For something minor like this, you can get released from jail pretty much as soon as somebody can post your bail (after a few hours for processing, depending on how busy the jail is). In these cases, how long you spend in jail is entirely dependent on how long it takes for your bail to be posted. Bail in this case was $750, which is on the very low end.

      Of course, a night in jail is nothing that anybody would want to go through. But it’s more of an administrative thing than a punishment thing. It might not be fair, but it’s how our system works.

      • clydeserra - Sep 11, 2013 at 10:53 PM

        a night in jail is punishment. and it counts against you eventual total punishment.

        Jails have convicted people too.

      • notapsychiatrist - Sep 12, 2013 at 6:58 AM

        (in reply to clydeserra)

        No, it isn’t punishment. He was arrested, and when you are arrested, then you are under suspicion of having committed a crime. There is the chance that you are innocent, i.e. that you did not commit a crime. If someone is found innocent, or their charges are dropped, then what is the night in jail “punishment” for? Punishment for being arrested?

        Until you have been arrested and spent time in jail, you can’t really understand it. I have been. I was in the wrong place at the wrong time, ran my mouth a bit, and was taken in by an over-zealous officer. Several times during my interactions with him, he went off for a while to talk on the radio to his superiors. I could tell that he was waffling on whether to arrest me. This happened 2 or 3 times. In the end, I guess they decided to try to make an example out of me.

        All charges were dismissed. I had no recourse (without spending a lot of money); and I ended up losing several hundred dollars in administrative fees. I was wrongly arrested and accused, and I spent 3-4 hours in jail before bail was posted.

        (Lesson learned: never volunteer any information to a cop, even if you think it’s establishing your innocence. Anything you say can and will be used against you, and just about any statement can be construed as giving the cop reasonable suspicion, i.e. cause to arrest you. They will not hesitate to cast you and your statements in the worst possible light. It is their job to do so.)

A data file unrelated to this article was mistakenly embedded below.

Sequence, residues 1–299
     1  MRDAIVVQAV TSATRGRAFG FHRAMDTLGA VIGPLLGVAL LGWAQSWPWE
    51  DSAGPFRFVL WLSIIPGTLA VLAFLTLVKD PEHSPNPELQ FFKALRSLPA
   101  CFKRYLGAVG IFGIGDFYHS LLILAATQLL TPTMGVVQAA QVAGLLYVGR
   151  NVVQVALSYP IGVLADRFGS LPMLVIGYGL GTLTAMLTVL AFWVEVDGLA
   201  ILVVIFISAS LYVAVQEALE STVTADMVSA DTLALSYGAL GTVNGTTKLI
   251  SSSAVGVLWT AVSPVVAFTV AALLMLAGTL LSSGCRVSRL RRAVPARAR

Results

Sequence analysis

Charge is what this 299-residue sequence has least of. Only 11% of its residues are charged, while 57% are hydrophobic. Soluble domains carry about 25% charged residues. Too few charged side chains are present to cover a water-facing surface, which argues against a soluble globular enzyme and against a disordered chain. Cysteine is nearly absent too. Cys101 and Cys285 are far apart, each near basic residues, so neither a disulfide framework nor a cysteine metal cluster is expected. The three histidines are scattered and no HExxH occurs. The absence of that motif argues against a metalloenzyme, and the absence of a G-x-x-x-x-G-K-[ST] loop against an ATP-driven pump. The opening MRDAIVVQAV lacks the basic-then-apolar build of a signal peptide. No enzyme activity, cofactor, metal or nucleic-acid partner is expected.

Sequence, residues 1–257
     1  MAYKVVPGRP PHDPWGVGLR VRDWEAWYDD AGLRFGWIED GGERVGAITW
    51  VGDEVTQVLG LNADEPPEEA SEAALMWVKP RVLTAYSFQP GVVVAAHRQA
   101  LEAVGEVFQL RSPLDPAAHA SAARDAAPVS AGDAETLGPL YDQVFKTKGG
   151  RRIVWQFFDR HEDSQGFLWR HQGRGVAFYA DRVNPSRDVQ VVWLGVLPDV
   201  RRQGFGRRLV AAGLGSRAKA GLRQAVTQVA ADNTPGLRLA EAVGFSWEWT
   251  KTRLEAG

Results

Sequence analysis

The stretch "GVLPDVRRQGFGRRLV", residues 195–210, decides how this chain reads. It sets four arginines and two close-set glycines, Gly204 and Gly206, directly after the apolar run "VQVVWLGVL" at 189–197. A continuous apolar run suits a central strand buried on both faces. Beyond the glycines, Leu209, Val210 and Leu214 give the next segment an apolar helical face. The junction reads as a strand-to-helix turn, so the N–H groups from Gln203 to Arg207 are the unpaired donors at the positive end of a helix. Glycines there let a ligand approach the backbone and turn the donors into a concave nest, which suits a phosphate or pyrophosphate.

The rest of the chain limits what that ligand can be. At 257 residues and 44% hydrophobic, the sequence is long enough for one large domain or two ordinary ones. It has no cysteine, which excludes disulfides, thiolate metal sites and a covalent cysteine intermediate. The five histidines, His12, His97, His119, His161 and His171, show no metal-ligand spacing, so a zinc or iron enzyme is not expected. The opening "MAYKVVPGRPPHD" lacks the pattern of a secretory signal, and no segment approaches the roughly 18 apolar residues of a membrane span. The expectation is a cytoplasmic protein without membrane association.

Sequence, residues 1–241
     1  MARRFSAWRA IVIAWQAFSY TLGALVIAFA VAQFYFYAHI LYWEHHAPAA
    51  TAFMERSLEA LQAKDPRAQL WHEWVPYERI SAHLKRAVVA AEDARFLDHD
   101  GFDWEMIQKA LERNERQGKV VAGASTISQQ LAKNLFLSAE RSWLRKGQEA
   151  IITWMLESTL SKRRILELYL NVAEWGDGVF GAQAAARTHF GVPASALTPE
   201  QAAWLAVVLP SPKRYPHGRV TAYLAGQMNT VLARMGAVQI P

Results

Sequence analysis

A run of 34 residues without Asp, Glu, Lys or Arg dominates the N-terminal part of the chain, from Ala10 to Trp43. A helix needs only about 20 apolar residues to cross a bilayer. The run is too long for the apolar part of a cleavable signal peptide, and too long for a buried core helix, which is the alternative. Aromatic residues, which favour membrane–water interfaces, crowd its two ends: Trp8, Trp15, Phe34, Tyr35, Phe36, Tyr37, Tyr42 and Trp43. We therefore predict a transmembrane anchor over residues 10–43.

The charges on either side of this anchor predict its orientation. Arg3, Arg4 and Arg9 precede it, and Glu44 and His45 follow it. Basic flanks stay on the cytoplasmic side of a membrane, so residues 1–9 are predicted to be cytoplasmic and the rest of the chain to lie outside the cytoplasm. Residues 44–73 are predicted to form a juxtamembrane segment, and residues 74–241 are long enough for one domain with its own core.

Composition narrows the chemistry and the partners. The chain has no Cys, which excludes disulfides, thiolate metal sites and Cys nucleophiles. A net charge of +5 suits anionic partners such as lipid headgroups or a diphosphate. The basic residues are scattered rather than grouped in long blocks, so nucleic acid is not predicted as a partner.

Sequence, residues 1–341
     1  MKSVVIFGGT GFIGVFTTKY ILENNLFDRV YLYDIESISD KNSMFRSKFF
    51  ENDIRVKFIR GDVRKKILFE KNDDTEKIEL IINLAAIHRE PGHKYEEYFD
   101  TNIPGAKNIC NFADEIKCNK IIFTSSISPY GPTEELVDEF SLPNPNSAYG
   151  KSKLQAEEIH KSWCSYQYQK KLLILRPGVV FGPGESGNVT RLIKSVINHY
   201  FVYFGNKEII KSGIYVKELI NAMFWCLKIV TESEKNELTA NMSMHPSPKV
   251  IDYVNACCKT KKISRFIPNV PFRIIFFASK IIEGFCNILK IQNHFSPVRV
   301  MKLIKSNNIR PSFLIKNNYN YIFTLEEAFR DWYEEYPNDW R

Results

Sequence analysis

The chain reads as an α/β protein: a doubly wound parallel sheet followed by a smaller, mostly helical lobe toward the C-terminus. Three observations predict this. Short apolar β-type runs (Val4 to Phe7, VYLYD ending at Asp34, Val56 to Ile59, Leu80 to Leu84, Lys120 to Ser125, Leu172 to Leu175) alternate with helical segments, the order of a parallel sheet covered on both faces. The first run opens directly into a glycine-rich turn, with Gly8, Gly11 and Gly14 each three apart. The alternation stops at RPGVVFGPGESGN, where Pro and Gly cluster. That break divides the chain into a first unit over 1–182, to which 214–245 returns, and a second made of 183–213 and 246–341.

It’s unjust and Kafka-esque. However, I really don’t see that there’s any other way of doing things. As I said, many people who are later found to be innocent have spent time in jail. In these cases, what is the “punishment”?

        Yes, I know that jails sometimes hold convicted people as well. There are exceptions all the time, but I was stating the general rule in an effort to cut down on verbiage.

  2. kalinedrive - Sep 11, 2013 at 4:45 PM

    Dragging him by his feet seems a little harsh, but shouldn’t they have him in handcuffs?

  3. pauleee - Sep 11, 2013 at 5:53 PM

    I was at both Angels games vs. Miliwaukee in 1982. After the second win, as everyone in the lower deck (of which I was not) was running onto the field, the PA announcer made a comment to not destroy the field as it was likely World Series games would be played there next week (ha!).

    I can’t but think of how all those famous highlights over the years would look like if no one were allowed on the field to celebrate their team winning. Exuberance does not always equate to damage and loss of life. Sometimes, a lot of people are just happy that their team won.

  4. sgtr0c - Sep 11, 2013 at 6:47 PM

    Jeez, in Philly, all we do is taze the heck outa you in front of 45k close freinds :)

    In retrospec, the Bucco’s are really the only thing of interest in this MLB 2013 season. Someone please put it bed.

  5. ironman721 - Sep 11, 2013 at 8:00 PM

    Thank god Texas didn’t hang him!

  6. anthonyverna - Sep 11, 2013 at 11:17 PM

    Aaron’s interpretation of the story reminded me of this: